A type of coverage determination that, if approved, allows you to get a drug that is not on your plan sponsor's formulary (a formulary exception), or get a non-preferred drug at the preferred cost-sharing level (a tiering exception). You may also request an exception if your plan sponsor requires you to try another drug before receiving the drug you are requesting, or the Plan limits the quantity or dosage of the drug you are requesting (a formulary exception).
A list of covered drugs provided by the Plan.
A prescription drug that has the same active-ingredient formula as a brand-name drug. Generic drugs usually cost less than brand-name drugs and are rated by the Food and Drug Administration (FDA) to be as safe and effective as brand-name drugs.
A type of complaint you make about us or one of our Plan providers, including a complaint concerning the quality of your care. This type of complaint doesn’t involve payment or coverage disputes.
The maximum limit of coverage under the initial coverage period.
This is the period after you have met your deductible (if you have one) and before your total drug expenses, have reached [$2,040] including amounts you’ve paid and what our Plan has paid on your behalf.
Health care that you get when you are admitted to a hospital.
Services or supplies that: are proper and needed for the diagnosis or treatment of your medical condition; are used for the diagnosis, direct care, and treatment of your medical condition; meet the standards of good medical practice in the local community; and are not mainly for your convenience or that of your doctor.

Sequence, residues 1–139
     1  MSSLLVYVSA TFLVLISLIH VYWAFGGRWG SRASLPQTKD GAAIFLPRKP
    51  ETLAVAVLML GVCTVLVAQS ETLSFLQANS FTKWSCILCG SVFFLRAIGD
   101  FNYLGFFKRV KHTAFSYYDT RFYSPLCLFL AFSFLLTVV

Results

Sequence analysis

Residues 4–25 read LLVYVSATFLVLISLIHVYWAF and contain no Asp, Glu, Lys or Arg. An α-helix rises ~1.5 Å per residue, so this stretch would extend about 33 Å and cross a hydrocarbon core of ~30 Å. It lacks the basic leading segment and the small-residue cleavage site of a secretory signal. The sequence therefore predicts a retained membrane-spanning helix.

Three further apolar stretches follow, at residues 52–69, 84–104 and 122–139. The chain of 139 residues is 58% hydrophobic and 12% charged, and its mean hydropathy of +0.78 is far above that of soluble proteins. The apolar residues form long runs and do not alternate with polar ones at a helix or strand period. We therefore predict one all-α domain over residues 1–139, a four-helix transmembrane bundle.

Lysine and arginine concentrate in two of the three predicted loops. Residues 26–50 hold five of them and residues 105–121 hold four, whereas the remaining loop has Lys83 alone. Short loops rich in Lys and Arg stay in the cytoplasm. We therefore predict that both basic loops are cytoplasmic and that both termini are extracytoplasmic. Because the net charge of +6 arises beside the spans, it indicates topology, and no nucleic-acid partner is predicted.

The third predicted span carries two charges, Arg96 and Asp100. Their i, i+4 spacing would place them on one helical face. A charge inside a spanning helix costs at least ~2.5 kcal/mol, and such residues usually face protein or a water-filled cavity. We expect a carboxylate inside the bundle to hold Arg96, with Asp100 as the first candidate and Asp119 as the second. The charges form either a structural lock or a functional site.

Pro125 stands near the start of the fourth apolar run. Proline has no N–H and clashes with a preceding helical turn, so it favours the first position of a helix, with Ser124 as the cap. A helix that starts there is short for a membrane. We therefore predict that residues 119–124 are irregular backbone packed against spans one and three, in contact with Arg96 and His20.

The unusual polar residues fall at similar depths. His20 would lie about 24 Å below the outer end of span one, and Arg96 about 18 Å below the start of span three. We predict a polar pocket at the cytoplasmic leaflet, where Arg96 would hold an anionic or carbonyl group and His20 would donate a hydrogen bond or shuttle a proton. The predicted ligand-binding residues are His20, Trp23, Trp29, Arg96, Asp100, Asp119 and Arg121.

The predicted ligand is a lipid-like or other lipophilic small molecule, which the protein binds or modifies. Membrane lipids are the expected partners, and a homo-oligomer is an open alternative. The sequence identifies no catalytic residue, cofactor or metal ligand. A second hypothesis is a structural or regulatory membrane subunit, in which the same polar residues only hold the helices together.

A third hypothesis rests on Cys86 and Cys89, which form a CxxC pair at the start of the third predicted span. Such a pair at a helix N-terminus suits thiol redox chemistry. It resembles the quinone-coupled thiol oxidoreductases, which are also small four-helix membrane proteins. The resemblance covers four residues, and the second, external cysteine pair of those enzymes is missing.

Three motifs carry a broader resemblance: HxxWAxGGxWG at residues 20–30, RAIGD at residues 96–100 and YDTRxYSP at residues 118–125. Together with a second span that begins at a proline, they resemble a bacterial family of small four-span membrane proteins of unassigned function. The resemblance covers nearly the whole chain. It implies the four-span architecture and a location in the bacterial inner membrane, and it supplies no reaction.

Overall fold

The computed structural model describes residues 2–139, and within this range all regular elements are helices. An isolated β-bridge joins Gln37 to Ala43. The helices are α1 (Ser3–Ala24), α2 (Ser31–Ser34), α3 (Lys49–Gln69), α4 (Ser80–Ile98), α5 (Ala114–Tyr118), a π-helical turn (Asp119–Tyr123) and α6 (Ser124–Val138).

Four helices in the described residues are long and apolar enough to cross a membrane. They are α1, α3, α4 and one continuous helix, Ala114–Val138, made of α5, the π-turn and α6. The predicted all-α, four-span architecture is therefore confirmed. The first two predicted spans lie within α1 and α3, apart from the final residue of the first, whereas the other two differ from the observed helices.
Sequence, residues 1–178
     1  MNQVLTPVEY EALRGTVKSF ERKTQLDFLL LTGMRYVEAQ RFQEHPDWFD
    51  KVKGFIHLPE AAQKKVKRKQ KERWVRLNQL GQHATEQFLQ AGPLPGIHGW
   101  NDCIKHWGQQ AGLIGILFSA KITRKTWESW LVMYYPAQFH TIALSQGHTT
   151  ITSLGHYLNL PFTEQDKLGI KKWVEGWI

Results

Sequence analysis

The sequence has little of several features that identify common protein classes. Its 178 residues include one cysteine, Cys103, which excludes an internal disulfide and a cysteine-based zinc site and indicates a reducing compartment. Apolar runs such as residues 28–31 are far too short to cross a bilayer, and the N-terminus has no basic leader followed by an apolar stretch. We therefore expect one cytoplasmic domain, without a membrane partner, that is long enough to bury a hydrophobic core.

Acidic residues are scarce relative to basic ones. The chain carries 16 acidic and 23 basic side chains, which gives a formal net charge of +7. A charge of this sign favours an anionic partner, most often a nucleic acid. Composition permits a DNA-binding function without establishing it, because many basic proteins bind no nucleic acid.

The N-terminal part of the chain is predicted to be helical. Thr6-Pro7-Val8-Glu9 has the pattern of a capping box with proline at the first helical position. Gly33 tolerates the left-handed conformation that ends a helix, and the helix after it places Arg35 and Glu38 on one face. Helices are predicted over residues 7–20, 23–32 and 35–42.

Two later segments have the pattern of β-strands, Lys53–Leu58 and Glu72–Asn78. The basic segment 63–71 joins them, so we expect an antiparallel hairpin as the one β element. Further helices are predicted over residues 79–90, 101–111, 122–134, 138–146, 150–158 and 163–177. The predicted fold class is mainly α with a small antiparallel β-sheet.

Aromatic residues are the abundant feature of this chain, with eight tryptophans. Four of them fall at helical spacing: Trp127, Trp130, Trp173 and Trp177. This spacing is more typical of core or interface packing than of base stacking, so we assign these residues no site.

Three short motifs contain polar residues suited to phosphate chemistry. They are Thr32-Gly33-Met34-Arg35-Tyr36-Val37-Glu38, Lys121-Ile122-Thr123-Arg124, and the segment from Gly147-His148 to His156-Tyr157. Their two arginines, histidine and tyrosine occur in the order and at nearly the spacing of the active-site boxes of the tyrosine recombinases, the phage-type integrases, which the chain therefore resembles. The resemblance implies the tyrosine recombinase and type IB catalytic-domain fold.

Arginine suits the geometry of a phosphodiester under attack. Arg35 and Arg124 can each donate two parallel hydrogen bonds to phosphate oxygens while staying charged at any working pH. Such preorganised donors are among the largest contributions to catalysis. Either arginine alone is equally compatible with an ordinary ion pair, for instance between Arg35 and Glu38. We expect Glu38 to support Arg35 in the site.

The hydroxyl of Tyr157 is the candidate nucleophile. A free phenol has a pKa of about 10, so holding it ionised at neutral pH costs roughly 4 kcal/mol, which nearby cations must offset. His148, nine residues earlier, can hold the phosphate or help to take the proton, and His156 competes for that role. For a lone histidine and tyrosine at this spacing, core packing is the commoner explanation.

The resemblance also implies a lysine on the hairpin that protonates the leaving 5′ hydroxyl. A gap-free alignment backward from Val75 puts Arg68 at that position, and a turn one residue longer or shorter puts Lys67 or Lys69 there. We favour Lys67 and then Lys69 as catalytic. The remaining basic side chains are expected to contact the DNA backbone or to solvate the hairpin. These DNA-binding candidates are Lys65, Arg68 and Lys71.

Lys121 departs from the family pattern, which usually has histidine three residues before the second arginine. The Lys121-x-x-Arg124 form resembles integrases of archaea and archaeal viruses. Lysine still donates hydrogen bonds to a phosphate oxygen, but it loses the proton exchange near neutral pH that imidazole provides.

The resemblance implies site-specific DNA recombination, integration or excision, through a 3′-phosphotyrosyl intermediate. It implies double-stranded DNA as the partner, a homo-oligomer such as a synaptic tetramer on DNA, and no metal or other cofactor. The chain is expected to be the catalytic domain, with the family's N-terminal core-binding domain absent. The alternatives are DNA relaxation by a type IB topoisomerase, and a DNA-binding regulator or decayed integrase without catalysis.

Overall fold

The federal health insurance program for people 65 years of age or older, some people under age 65 with certain disabilities, and people with permanent kidney failure (who need dialysis or a kidney transplant).
Medicare Advantage Plans are run by private companies. They give you more options, and sometimes, extra benefits. These plans are still part of the Medicare Program and are also called “Part C.” They provide all your Part A (Hospital) and Part B (Medical) coverage. Some may also provide Part D (prescription drug) coverage.
A benefit package offered by a Medicare Advantage Organization that offers a specific set of health benefits at the same premium and level of cost-sharing to all people with Medicare who live in the service area covered by the Plan. Medicare Advantage Organizations can offer one or more Medicare Advantage Plans (plan in the same service area). We are a Medicare Advantage Organization.
A plan offered by a private company that contracts with Medicare to provide you with all your Medicare Part A and Part B benefits. In most cases, Medicare Advantage Plans also offer Medicare prescription drug coverage. A Medicare Advantage Plan can be an HMO, PPO, or a Private Fee-for-Service Plan.
A Medicare Advantage Plan (such as an HMO, PPO, or Private Fee-for-Service Plan) or other plan such as a Medicare Cost Plan. Everyone who has Medicare Part A and Part B is eligible to join any Medicare Health Plans that are offered in their area, except people with End-Stage Renal Disease (unless certain exceptions apply).
A Medicare Advantage HMO, Medicare Cost Plan or Medicare Advantage PPO.
Insurance to help pay for outpatient prescription drugs, vaccines, biologicals, and some supplies not covered by Medicare Part B.
Medicare Supplement Insurance sold by private insurance companies to fill “gaps” in the Original Medicare Plan coverage. Medigap policies only work with the Original Medicare Plan.
A person with Medicare who is eligible to get covered services, who has enrolled in our Plan and whose enrollment has been confirmed by the Centers for Medicare & Medicaid Services (CMS).
A pharmacy (drug store) that has agreed to fill prescriptions for UnitedHealthcare Community Plan Members. We call them “network pharmacies” because they have agreed to work with UnitedHealthcare Community Plan. In most cases, your prescriptions are covered only if they are filled at one of our network pharmacies.
The MA organization has made an organization determination when it, or one of its providers, makes a decision about MA services or payment that you believe you should receive.